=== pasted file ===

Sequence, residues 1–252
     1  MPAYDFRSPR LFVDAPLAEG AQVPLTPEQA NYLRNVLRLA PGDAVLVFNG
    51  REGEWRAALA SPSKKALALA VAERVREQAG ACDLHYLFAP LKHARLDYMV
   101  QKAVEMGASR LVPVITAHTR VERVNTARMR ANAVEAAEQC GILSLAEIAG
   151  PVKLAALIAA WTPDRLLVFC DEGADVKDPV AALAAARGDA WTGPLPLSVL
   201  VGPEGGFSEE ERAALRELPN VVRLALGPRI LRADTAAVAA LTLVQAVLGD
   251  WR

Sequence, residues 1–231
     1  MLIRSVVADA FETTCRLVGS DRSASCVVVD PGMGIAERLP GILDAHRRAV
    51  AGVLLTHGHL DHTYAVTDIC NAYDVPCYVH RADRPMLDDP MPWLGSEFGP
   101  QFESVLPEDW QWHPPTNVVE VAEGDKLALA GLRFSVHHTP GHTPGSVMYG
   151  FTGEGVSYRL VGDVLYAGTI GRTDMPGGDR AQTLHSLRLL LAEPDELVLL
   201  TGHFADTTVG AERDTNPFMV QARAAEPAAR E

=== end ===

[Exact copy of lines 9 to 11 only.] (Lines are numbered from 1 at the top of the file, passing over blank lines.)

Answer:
     1  MLIRSVVADA FETTCRLVGS DRSASCVVVD PGMGIAERLP GILDAHRRAV
    51  AGVLLTHGHL DHTYAVTDIC NAYDVPCYVH RADRPMLDDP MPWLGSEFGP
   101  QFESVLPEDW QWHPPTNVVE VAEGDKLALA GLRFSVHHTP GHTPGSVMYG